Hibachi chefs are constantly innovating new tricks, but customers tend to feel cheated if a show doesn’t include at least a variation on each of the following standards. (The flaming onion is non-negotiable.)
1. Heart-shaped rice
The leading two-dimensional trick in the hibachi chef’s playbook involves sculpting a fearsome amount of white rice into a perfect heart as it fries. While this trick is low-risk, and admittedly light on technique, it’s the hibachi version of a handshake: Once a chef has offered up his rice heart, he’s established a personal bond with guests that they’re expected to honor come tipping time.
2. The egg roll
Every chef uses the same punning name for this trick, but its particulars vary tremendously from one table to the next. One chef might spin an uncracked egg on the grill, while another might bounce it from spatula to spatula. Regardless of which route the egg travels, it usually takes a final spatula flip into the chef’s pocket or hat.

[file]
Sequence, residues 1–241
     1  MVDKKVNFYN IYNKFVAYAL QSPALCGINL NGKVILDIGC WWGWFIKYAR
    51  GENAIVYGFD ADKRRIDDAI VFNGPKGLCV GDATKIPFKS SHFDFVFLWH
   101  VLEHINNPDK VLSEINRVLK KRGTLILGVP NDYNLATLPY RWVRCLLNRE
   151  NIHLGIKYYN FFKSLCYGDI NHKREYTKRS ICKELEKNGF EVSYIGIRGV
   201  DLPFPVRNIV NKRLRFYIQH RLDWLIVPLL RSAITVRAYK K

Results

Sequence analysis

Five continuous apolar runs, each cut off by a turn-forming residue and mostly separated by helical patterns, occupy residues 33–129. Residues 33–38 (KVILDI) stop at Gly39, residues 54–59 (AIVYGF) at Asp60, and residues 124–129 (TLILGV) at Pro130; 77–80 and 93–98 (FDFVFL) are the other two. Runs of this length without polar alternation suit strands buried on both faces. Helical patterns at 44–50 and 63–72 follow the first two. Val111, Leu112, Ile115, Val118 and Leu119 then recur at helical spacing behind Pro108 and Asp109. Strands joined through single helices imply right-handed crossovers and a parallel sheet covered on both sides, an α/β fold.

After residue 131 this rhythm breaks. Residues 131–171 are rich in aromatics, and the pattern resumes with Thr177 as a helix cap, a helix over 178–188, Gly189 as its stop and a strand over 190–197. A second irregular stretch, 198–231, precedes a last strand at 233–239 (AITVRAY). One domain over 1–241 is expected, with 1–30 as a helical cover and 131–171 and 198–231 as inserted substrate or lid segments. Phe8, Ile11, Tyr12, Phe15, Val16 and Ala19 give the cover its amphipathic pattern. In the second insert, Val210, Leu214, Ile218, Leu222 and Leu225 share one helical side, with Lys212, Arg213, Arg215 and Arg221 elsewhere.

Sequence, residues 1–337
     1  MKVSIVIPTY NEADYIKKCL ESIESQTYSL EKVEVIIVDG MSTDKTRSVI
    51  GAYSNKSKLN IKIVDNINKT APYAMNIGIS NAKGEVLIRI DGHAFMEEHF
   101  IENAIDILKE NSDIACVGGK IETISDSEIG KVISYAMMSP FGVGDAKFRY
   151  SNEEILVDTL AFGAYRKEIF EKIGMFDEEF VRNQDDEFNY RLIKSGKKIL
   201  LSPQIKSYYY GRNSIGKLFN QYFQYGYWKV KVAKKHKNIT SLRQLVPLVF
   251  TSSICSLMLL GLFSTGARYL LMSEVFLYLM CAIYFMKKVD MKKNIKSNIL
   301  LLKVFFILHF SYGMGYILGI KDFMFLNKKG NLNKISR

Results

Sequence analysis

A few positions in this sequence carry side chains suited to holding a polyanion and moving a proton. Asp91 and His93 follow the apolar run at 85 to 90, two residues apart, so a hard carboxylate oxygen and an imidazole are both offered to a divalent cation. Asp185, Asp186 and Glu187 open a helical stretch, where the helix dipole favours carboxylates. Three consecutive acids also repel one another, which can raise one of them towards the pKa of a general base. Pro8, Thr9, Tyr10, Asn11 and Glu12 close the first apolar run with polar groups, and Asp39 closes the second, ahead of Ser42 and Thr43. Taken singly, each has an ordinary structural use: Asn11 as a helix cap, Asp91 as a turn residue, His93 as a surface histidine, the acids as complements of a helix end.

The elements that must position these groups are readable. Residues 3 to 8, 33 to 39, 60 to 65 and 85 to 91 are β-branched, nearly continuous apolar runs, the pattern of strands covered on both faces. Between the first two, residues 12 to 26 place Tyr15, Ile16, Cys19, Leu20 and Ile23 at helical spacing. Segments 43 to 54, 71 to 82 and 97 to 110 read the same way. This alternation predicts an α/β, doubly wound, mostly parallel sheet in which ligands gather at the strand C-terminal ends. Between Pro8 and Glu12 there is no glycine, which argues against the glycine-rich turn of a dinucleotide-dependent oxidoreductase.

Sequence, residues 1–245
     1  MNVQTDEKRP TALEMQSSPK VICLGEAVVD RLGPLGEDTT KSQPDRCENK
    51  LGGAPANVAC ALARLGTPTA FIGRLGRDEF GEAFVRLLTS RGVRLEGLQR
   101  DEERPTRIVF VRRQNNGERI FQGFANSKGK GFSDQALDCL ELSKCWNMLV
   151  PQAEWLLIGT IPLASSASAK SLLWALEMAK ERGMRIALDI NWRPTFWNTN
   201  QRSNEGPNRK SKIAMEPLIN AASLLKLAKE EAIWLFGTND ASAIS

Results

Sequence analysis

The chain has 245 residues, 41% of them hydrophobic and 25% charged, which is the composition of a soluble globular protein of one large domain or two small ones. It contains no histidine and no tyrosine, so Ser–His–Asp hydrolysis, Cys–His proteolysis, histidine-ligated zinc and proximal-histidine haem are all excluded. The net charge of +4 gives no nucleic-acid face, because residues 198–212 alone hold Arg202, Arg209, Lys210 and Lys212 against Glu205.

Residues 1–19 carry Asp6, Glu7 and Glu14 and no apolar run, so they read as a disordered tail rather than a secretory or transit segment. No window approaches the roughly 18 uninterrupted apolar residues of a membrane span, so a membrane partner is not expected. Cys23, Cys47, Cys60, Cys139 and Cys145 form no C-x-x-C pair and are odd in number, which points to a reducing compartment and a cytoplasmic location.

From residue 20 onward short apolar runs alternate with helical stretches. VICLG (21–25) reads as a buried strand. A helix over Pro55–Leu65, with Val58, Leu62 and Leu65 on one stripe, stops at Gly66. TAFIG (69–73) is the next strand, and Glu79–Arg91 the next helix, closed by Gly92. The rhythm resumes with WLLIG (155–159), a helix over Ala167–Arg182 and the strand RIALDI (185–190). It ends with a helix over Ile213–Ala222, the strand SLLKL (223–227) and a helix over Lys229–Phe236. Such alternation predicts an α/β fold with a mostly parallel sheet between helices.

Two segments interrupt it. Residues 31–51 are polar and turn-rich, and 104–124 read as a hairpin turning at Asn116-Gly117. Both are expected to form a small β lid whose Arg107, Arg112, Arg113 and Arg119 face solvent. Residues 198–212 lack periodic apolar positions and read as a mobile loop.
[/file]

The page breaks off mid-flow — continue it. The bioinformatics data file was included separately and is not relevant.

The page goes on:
3. Shrimp feed
Hibachi theater is always interactive, but the absence of a fourth (as well as a first, second and third) wall is never more apparent than when the chef is tossing shrimp bits. Children and men on dates always seem especially eager to demonstrate their aptitude at catching shrimp in their mouths; veteran chefs will fling as much seafood as it takes to make their receivers look good.
4. Flaming onion
No trick is as celebrated as the flaming onion, also known as the onion volcano. To create the signature pyrotechnic, the chef slices an onion, and then arranges the rings in a tower formation. After dousing the stack with clear alcohol, such as vodka or sake, he sets it on fire. Most chefs also grind pepper over the lit onion in order to encourage the beloved inferno.
5. Please sir, I want some more.
Unlike every other trick that transpires around the grill, this trick is performed by hungry customers. Because a hibachi meal is meted out in stages, with rice and vegetables preceding steak and seafood, fast eaters can polish off their rice before the entree is served. If a server stops by the table to refill sweet tea while the plate is clean, it’s incumbent upon the voracious guest to complain that he or she was shorted fried rice. “That got me the first time I heard it,” a server at Miyabi admitted.